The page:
INSIDE BINGHAMTON UNIVERSITY
Former provost Wagner remembered for role in reaccreditation, as student advocate
By : Sarah Lifshin
Peter E. Wagner, a former Binghamton University vice president of academic affairs, provost and member of the Physics Department, died November 19 at age 74. Wagner, who served as vice president of academic affairs and provost from 1989 until 1992, died at the Sierra Vista Regional Medical Center in California.
Born July 4, 1929, in Ann Arbor, Mich., Wagner earned a bachelor’s in 1950 and a PhD in physics in 1956 from the University of California at Berkeley. He worked as a research scientist at Westinghouse Research Laboratories in Pittsburgh for three years before joining the electrical engineering faculty at Johns Hopkins. In 1965, he was promoted to full professor. The following year, he became a Guggenheim Fellow at Oxford University.
In 1973, Wagner became the founding director of the University of Maryland’s Center for Environmental and Estuarine Studies, which evolved into the Center for Environmental Science. In 1980, he became a professor at the University of Alabama, Huntsville, where he also conducted research at the U.S. Army Redstone Arsenal and NASA Marshall Space Flight Center. He served as vice chancellor of academic affairs at the University of Mississippi from 1981 to 1984 and provost at Utah State University from 1984 to 1989.
Wagner was appointed provost and vice president of academic affairs at Binghamton in 1989 and is credited with playing an instrumental role in the University’s reaccreditation in 1990. In 1992, he returned full time to the faculty and taught physics and electrical engineering until his retirement in 1999, when he and his wife, Caryl, moved to California.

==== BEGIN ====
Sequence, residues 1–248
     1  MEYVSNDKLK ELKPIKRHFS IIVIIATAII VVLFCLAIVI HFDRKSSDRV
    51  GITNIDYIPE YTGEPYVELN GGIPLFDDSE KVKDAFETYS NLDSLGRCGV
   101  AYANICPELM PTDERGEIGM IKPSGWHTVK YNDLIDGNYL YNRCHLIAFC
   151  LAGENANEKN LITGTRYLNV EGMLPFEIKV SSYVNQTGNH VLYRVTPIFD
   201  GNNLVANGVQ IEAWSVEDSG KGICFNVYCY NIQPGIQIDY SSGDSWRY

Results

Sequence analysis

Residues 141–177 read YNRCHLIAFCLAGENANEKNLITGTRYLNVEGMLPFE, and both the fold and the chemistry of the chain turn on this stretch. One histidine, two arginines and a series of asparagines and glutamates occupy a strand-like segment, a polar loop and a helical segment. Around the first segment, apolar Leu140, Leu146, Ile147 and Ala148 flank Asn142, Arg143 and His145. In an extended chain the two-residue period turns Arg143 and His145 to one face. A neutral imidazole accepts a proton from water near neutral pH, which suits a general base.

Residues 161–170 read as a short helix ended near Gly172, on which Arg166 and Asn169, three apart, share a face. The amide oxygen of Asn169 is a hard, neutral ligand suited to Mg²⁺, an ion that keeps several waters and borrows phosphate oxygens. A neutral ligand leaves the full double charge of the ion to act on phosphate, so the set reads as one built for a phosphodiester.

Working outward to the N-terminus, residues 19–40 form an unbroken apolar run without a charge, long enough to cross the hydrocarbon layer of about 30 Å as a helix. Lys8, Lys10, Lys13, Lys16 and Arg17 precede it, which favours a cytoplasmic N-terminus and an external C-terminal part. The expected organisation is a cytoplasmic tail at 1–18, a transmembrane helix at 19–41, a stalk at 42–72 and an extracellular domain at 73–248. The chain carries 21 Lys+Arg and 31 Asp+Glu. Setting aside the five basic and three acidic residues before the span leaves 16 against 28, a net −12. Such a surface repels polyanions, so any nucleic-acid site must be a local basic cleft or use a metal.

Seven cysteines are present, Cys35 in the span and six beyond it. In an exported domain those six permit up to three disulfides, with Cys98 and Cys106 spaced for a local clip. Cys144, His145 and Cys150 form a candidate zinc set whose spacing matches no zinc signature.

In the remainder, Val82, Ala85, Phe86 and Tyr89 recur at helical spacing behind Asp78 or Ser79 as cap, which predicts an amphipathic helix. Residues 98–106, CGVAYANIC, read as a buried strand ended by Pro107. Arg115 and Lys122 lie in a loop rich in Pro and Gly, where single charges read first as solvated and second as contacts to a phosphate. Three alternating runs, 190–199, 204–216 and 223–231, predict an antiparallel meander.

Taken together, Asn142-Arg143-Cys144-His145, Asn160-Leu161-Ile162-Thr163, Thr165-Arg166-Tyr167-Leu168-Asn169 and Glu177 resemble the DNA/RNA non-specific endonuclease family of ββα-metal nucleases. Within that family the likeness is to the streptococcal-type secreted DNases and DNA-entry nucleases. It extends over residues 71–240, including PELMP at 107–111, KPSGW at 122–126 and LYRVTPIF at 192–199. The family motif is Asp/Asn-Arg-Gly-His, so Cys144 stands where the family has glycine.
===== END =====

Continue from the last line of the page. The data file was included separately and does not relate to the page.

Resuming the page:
President Lois B. DeFleur said she was saddened to learn of Wagner’s death. “The University greatly appreciates the many contributions he made both as provost and as a member of the faculty,” DeFleur said. Thomas Kelly, vice president for external affairs, who reported to Wagner in his role as dean of the School of Management and later worked with him as fellow vice presidents, said, “Peter Wagner was a strong academic leader who was also a talented research professor, an articulate teacher and a great human being.”
Wagner was the author of more than 35 scientific articles and one patent and received numerous research grants. His academic honors include Phi Beta Kappa, Phi Kappa Phi, Sigma Xi, Eta Kappa Nu, Blue Key, and Golden Key. He is also listed in Who’s Who in America.
Many of Wagner’s former colleagues credited him not only for his contributions to the University but also for his devotion to students.
“Our students benefited greatly from Peter’s student-centered approach to teaching,” said Srinivasa Venugopalan, chair of the Physics Department. “Clearly, Peter enjoyed his contact with BU students, both in and outside of the classroom, and he viewed it as the ‘capstone experience’ of his career here. As a colleague in the department, Peter was unfailingly considerate and congenial.”
Robert Pompi, associate professor of physics, said he met Wagner when he volunteered to teach modern physics because of a staffing shortfall in addition to his duties as provost.
“I am absolutely convinced that there are a large number of alumni in both physics and engineering who obtained their degrees because of the early intervention and help from Peter Wagner,” Pompi said. “He set a wonderful example for all faculty to follow.”